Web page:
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Spatial Indexes .... Again. RRS feed

  • Question

  • I've read the BOL stuff on spatial indexes and have been playing with them, trying to optimize a rather simple "Intersects" type query. And, no matter what parameters I put in for the index variables (levels, cells in box, etc.) I always get a query time of 14 seconds with the index and 5 seconds without. My dataset is middling small (only 122,000 rows) and I'd expect much better performance than either number I'm seeing.

    Given the assumption that spatial indexes are supposed to help performance instead of hurt it, what guidelines are there for deciding whether to use 'High', 'Medium' or 'Low' for the grid levels and the number of 'cells_per_object'?

    Steve G.
    Tuesday, December 23, 2008 10:32 PM

Answers

  • Well, let's see here. Yes, I read about ensuring that the spatial index is being used, and have verified that it is in use.

    1) Yes, I'm using the Geometry data type. To create the index in the first place, I went into the data and figured out the overall envelope and have created the Bounding Box on the index with those coordinates.

    2) My original results were: run with no index = 5 seconds. Create an index with low, medium or high, any number for cells_per_object, etc and run = 14 seconds. Mystifying.

    2A) What I discovered was that I'd set the bounding box incorrectly (fat fingers, what can I say). Moral of the story, check your index parameters!

    Steve G.
    • Marked as answer by Isaac Kunen Tuesday, January 6, 2009 6:48 PM
    Wednesday, December 24, 2008 9:45 PM

All replies

  • Very little general advice exists on optimising spatial indexes, because it's so hugely dependent on the nature of the data which you are using.

    I'll assume you've already read and followed the advice about checking that your spatial index is being used (check the execution plan for a spatial seek), and making it be used (with hint). In which case, here's some ideas...

    1.) If you are using the geometry datatype, make sure that you are using the tightest bounding box required to cover the extent of the data you wish to be indexed. This will lead to the best resolution of grids covering that area. If using geography, you don't have this option since all geography indexes are assumed to cover the entire globe.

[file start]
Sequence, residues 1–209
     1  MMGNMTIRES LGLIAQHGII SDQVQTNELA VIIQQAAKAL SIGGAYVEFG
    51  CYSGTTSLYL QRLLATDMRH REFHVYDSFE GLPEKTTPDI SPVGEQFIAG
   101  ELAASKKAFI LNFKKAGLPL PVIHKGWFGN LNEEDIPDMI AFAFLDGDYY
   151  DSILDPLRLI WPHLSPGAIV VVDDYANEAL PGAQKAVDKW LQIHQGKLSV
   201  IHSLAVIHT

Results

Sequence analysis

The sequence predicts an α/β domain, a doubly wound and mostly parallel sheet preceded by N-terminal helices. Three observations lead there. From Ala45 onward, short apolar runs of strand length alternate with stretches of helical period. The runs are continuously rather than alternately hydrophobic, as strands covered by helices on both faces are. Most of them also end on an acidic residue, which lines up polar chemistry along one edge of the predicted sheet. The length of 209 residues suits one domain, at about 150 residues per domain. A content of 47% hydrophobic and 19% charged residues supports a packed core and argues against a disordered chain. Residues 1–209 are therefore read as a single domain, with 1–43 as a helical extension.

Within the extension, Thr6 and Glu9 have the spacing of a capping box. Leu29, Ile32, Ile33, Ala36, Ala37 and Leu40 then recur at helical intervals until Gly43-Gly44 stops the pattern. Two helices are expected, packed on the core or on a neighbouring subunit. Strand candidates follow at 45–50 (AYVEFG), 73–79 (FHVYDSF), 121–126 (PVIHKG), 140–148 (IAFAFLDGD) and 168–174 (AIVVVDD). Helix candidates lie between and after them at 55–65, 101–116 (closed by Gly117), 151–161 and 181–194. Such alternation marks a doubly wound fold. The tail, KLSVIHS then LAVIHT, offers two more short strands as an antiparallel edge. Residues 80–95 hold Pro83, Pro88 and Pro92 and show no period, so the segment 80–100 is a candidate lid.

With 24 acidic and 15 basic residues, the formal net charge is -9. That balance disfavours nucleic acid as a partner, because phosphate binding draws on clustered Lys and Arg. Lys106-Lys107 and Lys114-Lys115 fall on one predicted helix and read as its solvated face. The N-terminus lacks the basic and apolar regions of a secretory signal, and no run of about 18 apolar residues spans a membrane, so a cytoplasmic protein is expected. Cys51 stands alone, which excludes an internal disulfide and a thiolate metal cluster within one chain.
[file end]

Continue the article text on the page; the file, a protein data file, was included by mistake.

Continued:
2.) Start with no index, run a query to get a benchmark. Then add a grid using LOW at every level. Run the same query, test against benchmark. Increase the grid resolution gradually until you stop receiving performance enhancements. Go back to whichever grid resolution worked best for you.

    3.) CELLS_PER_OBJECT is intricately linked to the resolution of the grids you use - choosing higher resolution grids  leads to a greater number of smaller cells, so therefore the number of cells required to completely cover an object needs to be increased. If you set cells per object too low then you will get more false positives returned from the primary filter. Set it too high and each index entry will grow large and your index will be inefficient to query.

    4.) Try replacing Intersects() with Filter() if you don't need to apply the secondary filter.

    5.) Remember that you can add more than one spatial index to the same table, choosing different parameters for each one.

    6.) When you find a setup that works best for you, post it back here. We're all learning best practice together, so it will be helpful for others to know!

    Tuesday, December 23, 2008 10:46 PM
    Answerer
  • Well, let's see here. Yes, I read about ensuring that the spatial index is being used, and have verified that it is in use.

    1) Yes, I'm using the Geometry data type. To create the index in the first place, I went into the data and figured out the overall envelope and have created the Bounding Box on the index with those coordinates.

    2) My original results were: run with no index = 5 seconds. Create an index with low, medium or high, any number for cells_per_object, etc and run = 14 seconds. Mystifying.

    2A) What I discovered was that I'd set the bounding box incorrectly (fat fingers, what can I say). Moral of the story, check your index parameters!

    Steve G.
    • Marked as answer by Isaac Kunen Tuesday, January 6, 2009 6:48 PM
    Wednesday, December 24, 2008 9:45 PM